“Alison’s mom might be dying.” I first heard this statement early into my daughter’s 7'th grade year. Alison and Gwyn quickly became friends in junior high once they bonded over their theatre geekdom.
I met Alison’s mom, Sharon, briefly last summer when she was well enough to attend a feature of Bye-Bye Birdie in which Gwyn played Ursula, the giddy best friend to the main character.
Sharon’s peppery grey hair wisped around her face just barely grown back from her last round of chemo. A light sleeveless blouse complemented her olive complexion, revealing the amputation site where her left arm and a good deal of her shoulder complex was removed when doctors cut out tumors.
If you didn’t know Sharon seeing her perceived disfigured body may have felt a little shocking. Cancer doesn’t leave room for clean, pretty incisions with perfect sutures to ensure minimal scarring. Cosmetics aside, the goal is to cut away the bad stuff and all the margins around it as to prevent further growth.
There is nothing clean or pretty about it.
I knew Sharon’s story.
Seeing her that day, all I could focus on was her impeccable laugh and the Hollywood-quality smile that grew across her face as she chatted up friends and family. I didn’t see her exhaustion or edema from the steroids she was constantly on.
I saw her joy—so much of it I thought the theatre windows would burst.
What seemed like a regular day for any of us was a perfect day for her. Maybe on that day we felt rushed or overwhelmed. Show runs in theatre is a stressful time for families. You practically live there, darting home if your kid forgot her tights or you didn’t pack enough water or forgot to bring your baked goods for the snack bar.
You spend so much time making it all come together: sewing a missing button, adding velcro to a torn seam, gluing broken props, and powdering shiny noses. You chew your nails down the the bone every second before the lights dim and the curtains open.
But for Sharon the day was a good day. It was one of the last days she would feel well enough to venture out and it was an honor to have her at Gwyn’s show.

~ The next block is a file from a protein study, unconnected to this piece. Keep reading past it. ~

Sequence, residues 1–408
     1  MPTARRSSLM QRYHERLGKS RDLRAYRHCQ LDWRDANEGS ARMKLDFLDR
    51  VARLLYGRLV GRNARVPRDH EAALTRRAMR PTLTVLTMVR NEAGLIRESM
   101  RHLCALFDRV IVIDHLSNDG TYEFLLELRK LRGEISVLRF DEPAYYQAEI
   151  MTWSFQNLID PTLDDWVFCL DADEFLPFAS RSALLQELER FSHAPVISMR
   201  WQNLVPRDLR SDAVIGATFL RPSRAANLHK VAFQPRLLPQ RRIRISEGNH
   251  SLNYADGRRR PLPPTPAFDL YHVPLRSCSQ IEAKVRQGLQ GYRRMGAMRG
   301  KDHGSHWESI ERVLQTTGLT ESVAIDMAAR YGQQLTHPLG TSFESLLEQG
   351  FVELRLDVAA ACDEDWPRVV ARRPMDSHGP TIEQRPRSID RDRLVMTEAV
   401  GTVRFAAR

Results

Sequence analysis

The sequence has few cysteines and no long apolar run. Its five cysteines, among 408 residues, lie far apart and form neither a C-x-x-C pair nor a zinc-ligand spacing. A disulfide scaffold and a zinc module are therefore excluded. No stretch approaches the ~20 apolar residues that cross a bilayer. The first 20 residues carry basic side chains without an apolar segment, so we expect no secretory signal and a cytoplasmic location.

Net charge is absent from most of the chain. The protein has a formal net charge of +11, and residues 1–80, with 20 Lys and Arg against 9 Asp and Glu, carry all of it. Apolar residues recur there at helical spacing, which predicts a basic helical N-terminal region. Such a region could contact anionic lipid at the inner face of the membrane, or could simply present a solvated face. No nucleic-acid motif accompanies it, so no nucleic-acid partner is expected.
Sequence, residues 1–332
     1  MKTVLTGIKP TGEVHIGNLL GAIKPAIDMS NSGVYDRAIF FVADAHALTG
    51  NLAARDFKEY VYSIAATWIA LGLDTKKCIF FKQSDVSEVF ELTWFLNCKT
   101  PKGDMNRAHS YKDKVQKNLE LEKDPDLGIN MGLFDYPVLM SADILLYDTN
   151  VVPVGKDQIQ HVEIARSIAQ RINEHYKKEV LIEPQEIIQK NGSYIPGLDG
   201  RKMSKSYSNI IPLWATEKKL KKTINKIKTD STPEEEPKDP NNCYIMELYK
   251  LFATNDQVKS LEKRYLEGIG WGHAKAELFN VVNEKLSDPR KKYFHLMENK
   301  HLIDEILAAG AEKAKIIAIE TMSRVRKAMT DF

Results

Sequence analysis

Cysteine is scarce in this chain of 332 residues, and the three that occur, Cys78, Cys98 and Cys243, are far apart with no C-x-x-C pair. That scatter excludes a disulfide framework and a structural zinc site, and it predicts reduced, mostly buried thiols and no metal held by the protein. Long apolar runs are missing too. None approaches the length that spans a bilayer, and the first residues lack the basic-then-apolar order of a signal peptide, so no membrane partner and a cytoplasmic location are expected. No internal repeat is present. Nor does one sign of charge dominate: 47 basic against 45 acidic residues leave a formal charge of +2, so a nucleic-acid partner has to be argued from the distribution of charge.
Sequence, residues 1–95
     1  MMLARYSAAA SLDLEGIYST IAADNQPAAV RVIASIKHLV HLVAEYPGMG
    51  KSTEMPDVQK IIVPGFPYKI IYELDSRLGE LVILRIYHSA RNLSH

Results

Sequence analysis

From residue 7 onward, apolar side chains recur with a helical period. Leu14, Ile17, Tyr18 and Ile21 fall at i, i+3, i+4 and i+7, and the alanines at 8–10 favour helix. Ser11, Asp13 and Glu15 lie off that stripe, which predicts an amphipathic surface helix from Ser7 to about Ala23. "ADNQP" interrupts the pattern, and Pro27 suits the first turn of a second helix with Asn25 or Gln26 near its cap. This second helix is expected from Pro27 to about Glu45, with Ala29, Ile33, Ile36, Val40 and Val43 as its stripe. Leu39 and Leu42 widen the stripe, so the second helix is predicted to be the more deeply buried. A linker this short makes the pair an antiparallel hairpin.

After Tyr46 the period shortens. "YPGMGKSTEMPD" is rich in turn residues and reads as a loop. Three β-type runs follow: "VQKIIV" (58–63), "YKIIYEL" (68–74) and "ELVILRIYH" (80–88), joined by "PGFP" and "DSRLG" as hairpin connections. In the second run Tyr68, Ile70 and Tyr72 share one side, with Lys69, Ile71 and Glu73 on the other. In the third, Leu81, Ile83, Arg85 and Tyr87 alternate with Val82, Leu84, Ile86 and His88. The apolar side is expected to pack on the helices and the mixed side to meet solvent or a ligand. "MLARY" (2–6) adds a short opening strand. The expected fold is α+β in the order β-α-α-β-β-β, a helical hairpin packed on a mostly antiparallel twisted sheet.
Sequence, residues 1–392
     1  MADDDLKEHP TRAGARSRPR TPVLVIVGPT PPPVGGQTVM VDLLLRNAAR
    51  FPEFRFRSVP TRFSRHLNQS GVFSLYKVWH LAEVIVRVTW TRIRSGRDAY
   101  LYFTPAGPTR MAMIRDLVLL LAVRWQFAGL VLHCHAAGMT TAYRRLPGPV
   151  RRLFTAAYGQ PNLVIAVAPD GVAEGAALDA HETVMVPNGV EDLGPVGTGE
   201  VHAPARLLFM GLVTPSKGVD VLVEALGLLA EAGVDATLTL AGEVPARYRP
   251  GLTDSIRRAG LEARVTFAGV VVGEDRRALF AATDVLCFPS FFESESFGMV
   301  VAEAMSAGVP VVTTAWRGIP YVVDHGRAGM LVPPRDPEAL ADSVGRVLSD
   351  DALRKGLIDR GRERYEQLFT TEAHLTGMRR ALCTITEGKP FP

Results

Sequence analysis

I can’t recall how many times in the past two school years Gwyn slid into the seat next to me in the parking lot to say, “Alison’s mom is dying. She wasn't in school again.”
Too many to count.
Somehow, by the good graces of the universe, she always pulled through.
Last weekend Gwyn’s production of The Sound Of Music from Thursday through Saturday. I attended the Thursday show with a friend. Alison and her older sister volunteered as ushers and then sat in the back row during the show.
They cheered and hollered, having an incredible time watching their friends and classmates perform.
On Friday night while curling Gwyn’s hair she whispered to me, “Alison’s mom died.”
“Oh, sweetie. I’m so sorry. Was this today?” I leaned in to hug her.
“No, it was earlier in the week. That’s why she was absent.”
My mind jumped to the previous night when I saw the sisters. They were as carefree as ever, going on about life as teen girls do—living exactly how Sharon taught them to live.
Alison never really knew a mother without cancer. Sharon was diagnosed with breast cancer when Alison was very young. By age 13 she had come to accept that her mother’s body would soon fail and be placed into the earth.
She learned to live life as normal, knowing she wouldn’t always have a mother to hold.
A mother with cancer was normal.
A family burdened with hospital bills, unsure how rent would get paid, or whether their car would run a little longer without an oil change was all normal.
To the outsider it feels tragic. You want to kick and scream and shout at the world how unfair it is for these beautiful girls to not have a mother.
But it is their normal.
And above anything else, we should appreciate their normal with grace and humility.
We all have our personal normal.
It’s ours to own. It tells our unique story and answers the ‘whys’ of who we are. Without our normal we wouldn’t be the incredible humans we are today.
Your normal may feel burdensome or unfair. It may make you feel guilty or undeserving of it.
But that can only happen when you compare your normal to someone else’s normal.
If you learn to go through life without judgment, you will see the beauty that is your normal.
Regardless of what happens to you, what past you lived through, what your present looks like, it happens with purpose. It is meant to be.
It is the whole of who you are.
I saw that with Alison and her sister Thursday at The Sound of Music. I saw their laughter and how they smiled Hollywood smiles like Sharon. I saw them lacing in and out of isles as they ushered attendees to their seats. I saw them stand taller than the crowd at the end of the show so their friends could see how proud they were of the performance. And after the show they pushed through strangers to embrace each friend with a warm hug.
They were living for that moment.
And they will for the next.
As we all should be. Because you are perfectly normal. Your very own normal that is unique to your canvas. It tells your story and it’s a beautiful story.
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